How to Automate SBOM Creation

A Software Bill of Materials is no longer just a “good-to-have” documentation for organizations. It is now a “must-have” for a wide range of reasons. Aside from the fact that federal regulations have made disclosing the components of your software compulsory, software companies have now realized that listing all the open-source and commercial dependencies used in your application is a beneficial cybersecurity practice.

Interestingly, despite recognizing the need for an SBOM, creating it can still be quite challenging. That’s because the process of creating the Software Bill of Materials for a product can be complex, tedious, and time-consuming. Also, since regulatory authorities recommend generating a precise and accurate SBOM for every iteration of your product, implementing it manually each time is quite resource-intensive if not completely impractical. 

When it comes to implementing comprehensive SBOMs, going the automation route is always recommended. Every software is a complicated package made up of multiple dependencies that most likely have their own dependencies too. This means that even the simplest software may have hundreds or even thousands of dependencies. It will take a lot of work to compile all of these and keep them organized manually. This article explains why automation is necessary for implementing SBOMs and how to implement automation to mitigate the stress that comes with generating SBOMs manually. 

Why Automating the SBOM Process Is Important

A Software Bill of Materials is simply a list of the components of a software product (similar to a list of ingredients on an edible product). Generally speaking, all you need to create a Software Bill of Materials is a spreadsheet that lists these components. However, this is an oversimplification that is hardly ever practical. An SBOM is an exhaustive list with a precise set of the required information. Trying to process this list manually will obviously be time-consuming and complicated.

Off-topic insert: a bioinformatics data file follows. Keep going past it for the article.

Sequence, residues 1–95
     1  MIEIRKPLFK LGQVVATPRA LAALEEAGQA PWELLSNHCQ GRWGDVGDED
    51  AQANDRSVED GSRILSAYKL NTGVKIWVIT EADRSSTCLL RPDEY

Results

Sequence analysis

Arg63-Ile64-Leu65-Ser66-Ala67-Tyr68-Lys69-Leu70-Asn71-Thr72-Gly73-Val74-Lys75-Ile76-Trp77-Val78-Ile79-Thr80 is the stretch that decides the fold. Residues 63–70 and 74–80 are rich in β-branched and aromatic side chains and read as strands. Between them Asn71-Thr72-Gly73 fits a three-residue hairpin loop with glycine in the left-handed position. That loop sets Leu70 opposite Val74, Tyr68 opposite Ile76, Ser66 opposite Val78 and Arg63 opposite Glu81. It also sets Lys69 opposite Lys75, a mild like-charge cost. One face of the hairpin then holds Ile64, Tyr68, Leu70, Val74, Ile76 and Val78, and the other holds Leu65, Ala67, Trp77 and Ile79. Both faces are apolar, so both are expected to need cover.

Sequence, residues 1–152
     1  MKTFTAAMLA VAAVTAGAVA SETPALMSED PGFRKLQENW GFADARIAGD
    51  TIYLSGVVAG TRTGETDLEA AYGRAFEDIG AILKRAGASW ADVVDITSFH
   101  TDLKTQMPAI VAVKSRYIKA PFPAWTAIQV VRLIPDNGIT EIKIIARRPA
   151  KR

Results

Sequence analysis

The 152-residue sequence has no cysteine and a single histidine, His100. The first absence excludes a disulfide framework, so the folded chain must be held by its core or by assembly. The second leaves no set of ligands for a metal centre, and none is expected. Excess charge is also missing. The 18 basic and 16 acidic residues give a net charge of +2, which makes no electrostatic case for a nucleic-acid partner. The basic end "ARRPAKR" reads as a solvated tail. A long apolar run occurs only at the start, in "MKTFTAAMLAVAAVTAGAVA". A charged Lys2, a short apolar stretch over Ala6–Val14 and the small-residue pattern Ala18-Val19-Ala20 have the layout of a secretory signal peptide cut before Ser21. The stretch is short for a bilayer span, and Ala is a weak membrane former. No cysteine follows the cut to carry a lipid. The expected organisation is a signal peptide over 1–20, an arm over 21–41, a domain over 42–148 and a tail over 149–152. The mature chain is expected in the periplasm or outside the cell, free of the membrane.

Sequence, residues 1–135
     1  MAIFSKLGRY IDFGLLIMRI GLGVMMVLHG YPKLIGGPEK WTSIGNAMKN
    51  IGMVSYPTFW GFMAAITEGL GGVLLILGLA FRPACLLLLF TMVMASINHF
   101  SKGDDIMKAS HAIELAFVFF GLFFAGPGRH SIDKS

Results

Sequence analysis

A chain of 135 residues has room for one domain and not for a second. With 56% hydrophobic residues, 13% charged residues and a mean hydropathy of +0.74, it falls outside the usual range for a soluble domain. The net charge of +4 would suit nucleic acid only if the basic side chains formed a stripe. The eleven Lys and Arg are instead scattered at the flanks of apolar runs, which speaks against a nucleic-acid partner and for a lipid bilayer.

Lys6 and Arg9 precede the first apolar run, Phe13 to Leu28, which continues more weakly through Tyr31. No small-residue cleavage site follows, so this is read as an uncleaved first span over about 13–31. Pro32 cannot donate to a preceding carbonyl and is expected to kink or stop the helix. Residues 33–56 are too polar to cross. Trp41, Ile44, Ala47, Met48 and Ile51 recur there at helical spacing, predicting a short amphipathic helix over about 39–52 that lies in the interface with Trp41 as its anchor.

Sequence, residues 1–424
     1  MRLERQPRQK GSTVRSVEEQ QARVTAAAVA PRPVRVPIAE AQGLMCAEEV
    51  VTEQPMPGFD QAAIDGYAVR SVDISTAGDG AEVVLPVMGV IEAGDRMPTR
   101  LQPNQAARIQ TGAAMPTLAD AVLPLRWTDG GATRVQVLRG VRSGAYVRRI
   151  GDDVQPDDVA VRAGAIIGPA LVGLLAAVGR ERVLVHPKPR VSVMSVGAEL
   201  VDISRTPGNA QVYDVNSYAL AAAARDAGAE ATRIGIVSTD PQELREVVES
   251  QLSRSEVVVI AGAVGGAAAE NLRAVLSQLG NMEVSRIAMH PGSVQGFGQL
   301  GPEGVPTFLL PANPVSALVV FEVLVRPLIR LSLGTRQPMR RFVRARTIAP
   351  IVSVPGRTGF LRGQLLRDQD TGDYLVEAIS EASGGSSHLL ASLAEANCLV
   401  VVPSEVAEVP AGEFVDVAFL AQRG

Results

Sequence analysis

Manual SBOMs simply can’t cut it, which is why automation is vital in implementing and ingesting SBOMs. Apart from the difficulty of implementing manual SBOMs, there are also risks involved in creating SBOMs manually—not to mention the compliance issues. The following are some of the reasons why SBOMs are best created with an automated system that collects and compiles a comprehensive list of software and stores them in a repository that’s human-readable and easy to query.

Cyber Supply Chain Threats

The main goal of generating a comprehensive SBOM is to better understand software components and analyze possible vulnerabilities. This has become an important cybersecurity measure to mitigate threats for every software product. An automated SBOM makes the process of doing this more seamless. Not only is an automated Software Bill of Materials more secure (thanks to cryptographic signing and automated component verification), but automation also ensures components are continuously scanned throughout the integration and deployment pipeline of a software iteration.

Time Saving

Automating SBOM implementation means you rely on advanced tools that work at machine speed to generate your Software Bill of Materials. This saves you time in more ways than one. First, generating an SBOM this way is faster than manually trying to identify individual components and including them in a spreadsheet.

Automating SBOMs also makes detecting vulnerabilities easier and faster. With manually compiled SBOMs, identifying the possible locations of vulnerabilities is a painfully long process.

Updates are also faster with SBOMs. Automated systems run frequent checks on your SBOM to identify vulnerabilities based on newly updated dependencies. This way, you can mitigate risks faster and invest your time and resources on other important tasks instead of wasting time on creating SBOMs or querying them manually.

NIST and Federal Requirements

In addition to being beneficial, automating SBOMs also carries regulatory importance. Federal requirements on SBOMs, such as the Cyber Supply Chain Management and Transparency Act of 2014, stipulate that automatic solutions and tools should be used to generate SBOMs.